It was a bit anticlimactic, this second regular-season meeting between the Cleveland Cavaliers and Miami Heat. When the teams first met on December 25, a Heat victory - fueled by Dwyane Wade and Luol Deng - provided some closure on LeBron James' departure.
Since then, injuries have continued to ravage any hope of developing consistency in Miami, while we look to the future being carried on Hassan Whiteside's massive shoulders. In Cleveland, they've acquired the necessary role players to complement James and his superstar teammates. Winners of 14 of their last 15 games, they've become the legitimate title contenders everyone expected them to be.
These two teams, at such different ends of the spectrum, did not meet for the most ideal viewing experience.
Miami started the game with a Whiteside layup, giving hope that he'd be a true difference-maker. It was short-lived success, as the Cavaliers raced out to an early lead. Deng seemed particularly rusty and his four quick turnovers led to Cleveland fast-break opportunities. As the lead kept mounting, the Heat struggled to regain their composure. Timofey Mozgov, a mid-season acquisition from Denver, has provided the Cavs the inside presence they lacked early this season. With Kyrie Irving and Kevin Love connecting early from along the perimeter, Cleveland's inside-outside game was working to perfection. Heat players couldn't rotate quickly enough and the Cavaliers always seemed one pass ahead of a Miami defender.
The first quarter ended with a 15-point deficit and Cleveland shooting an unreal 69.6 percent, including 5-of-7 from 3-point range.
Head coach Erik Spoelstra had limited options off the bench (with Shawne Williams and James Ennis joining Wade on the inactive list) and the reserve unit couldn't do anything to stop an energized Cavaliers team. But, just when things looked their worst and the lead at 26, the unexpected boost of Whiteside and Udonis Haslem gave Miami some momentum. The defense was tighter, the ball was passed more smoothly and the Heat's perimeter jumpers started to fall.
A 20-4 run brought Miami within 10 and there was a sudden, familiar sense of excitement.
Unfortunately, they would never get that close again.
The first half ended with Cleveland up 59-48. But the third quarter started off much like the disastrous first one, and a Cavaliers 9-0 seemed to crush what little hope the Heat had for a comeback.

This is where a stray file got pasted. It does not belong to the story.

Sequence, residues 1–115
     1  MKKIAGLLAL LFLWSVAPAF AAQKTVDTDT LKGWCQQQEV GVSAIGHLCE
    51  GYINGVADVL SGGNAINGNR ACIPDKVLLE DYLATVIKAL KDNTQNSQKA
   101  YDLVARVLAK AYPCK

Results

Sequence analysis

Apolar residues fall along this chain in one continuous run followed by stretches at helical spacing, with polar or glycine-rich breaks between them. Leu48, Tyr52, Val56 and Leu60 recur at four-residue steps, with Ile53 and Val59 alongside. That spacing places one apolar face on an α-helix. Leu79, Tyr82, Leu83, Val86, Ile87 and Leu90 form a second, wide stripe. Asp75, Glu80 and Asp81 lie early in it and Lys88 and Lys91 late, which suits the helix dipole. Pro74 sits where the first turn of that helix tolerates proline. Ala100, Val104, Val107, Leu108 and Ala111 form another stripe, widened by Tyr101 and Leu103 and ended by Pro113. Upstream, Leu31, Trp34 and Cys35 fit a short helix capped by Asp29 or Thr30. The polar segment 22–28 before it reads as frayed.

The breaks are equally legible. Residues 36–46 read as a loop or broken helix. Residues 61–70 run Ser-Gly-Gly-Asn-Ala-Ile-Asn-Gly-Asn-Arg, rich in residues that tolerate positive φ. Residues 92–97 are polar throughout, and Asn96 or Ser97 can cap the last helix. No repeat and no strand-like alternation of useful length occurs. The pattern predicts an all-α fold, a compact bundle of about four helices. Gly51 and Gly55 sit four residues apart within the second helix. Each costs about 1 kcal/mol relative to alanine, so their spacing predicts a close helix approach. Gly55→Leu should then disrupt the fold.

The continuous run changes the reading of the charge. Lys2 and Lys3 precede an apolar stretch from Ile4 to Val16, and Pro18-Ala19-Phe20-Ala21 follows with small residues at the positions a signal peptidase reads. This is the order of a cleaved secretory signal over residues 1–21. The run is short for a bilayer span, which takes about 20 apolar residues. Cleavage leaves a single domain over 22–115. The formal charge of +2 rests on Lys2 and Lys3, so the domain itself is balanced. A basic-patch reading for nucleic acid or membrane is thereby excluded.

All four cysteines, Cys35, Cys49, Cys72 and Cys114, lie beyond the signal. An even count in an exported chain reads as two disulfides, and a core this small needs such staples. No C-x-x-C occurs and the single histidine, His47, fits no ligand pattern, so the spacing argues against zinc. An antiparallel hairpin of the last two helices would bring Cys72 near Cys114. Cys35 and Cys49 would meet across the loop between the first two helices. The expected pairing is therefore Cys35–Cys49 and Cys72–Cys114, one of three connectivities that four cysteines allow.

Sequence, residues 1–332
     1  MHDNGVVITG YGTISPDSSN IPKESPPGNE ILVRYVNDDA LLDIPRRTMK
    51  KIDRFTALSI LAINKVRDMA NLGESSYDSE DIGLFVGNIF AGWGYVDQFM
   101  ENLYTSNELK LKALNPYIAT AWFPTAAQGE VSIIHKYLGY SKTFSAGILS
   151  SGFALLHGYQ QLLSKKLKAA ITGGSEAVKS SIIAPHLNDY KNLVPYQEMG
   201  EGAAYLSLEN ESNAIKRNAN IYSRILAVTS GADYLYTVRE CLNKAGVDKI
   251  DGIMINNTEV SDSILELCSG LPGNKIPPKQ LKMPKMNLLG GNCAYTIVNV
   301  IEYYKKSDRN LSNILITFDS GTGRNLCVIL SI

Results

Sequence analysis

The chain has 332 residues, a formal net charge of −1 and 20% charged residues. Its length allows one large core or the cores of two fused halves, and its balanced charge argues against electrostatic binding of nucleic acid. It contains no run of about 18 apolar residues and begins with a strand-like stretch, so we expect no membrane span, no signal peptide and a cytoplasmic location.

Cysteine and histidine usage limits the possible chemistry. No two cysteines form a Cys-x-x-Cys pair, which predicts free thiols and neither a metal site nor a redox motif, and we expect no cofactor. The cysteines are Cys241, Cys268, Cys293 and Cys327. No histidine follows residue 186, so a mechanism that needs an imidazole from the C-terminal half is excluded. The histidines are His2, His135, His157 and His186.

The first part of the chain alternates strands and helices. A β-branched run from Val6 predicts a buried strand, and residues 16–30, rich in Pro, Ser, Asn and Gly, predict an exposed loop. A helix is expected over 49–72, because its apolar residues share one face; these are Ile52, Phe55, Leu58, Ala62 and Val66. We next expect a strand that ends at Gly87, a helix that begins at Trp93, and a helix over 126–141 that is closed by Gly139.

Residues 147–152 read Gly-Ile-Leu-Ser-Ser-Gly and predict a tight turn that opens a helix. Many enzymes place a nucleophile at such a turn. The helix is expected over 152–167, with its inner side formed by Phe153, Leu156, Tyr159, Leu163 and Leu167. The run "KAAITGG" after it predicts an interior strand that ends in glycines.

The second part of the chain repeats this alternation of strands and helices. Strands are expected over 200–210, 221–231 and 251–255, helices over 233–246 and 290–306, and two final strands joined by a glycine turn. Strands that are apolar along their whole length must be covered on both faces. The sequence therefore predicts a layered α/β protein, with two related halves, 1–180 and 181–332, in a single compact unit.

Chris Bosh had a horrible night. After a 32-point explosion on Monday against the lowly Knicks, he'd only score 15 points on 5-of-17 shooting. With each missed mid-range jumper, Miami's chances of escaping with a victory grew dimmer.
The Heat kept clawing back in the third, cutting the lead to 12 before completely discombobulating and watching meekly as the third and fourth quarter wound down. The game played on because it had to, as Miami clearly didn't have the heart to continue struggling against the inevitable.
Whiteside would finish with 17 points and Mario Chalmers finished with 18 to lead Miami. Shabazz Napier (6 points) ran the offense well with eight assists and Deng chipped in a quiet 17 points. Still, despite the even production, the Heat shot just 40.5 percent from the field.
Conversely, the Cavs finished the night with a 56.4 percent field-goal rate - in truth, it seemed much higher if not for the fact they stopped caring by the time the fourth quarter rolled around. Mozgov led the team with 20 points while Tristan Thompson (17 points, 9 rebounds) and Iman Shumpert (13 points) led an extremely efficient reserve unit.
Kevin Love added 12 points early on before an inadvertent Chalmers hand scratched his eye and sent Love to the locker room. Irving added 15 points (including 3-of-5 from long range) as well.
In a night where James was the center of attention, his 18 points (on 6-of-16 shootinger) were somewhat underwhelming. It's part of what Miami relied on so heavily on the past four years...James' ability to impact a game didn't necessarily manifest in a overwhelming production. With each drive to the hoop, incredible pass, or drawing the phantom foul, it was a reminder of what made the "Big 3" era such an exciting one to watch.
Instead, Miami must move on from this loss in the hope that Wade will soon return from injury (as he's expected to do February 20 in New York) and that the Heat can finally stay healthy and regain some consistency.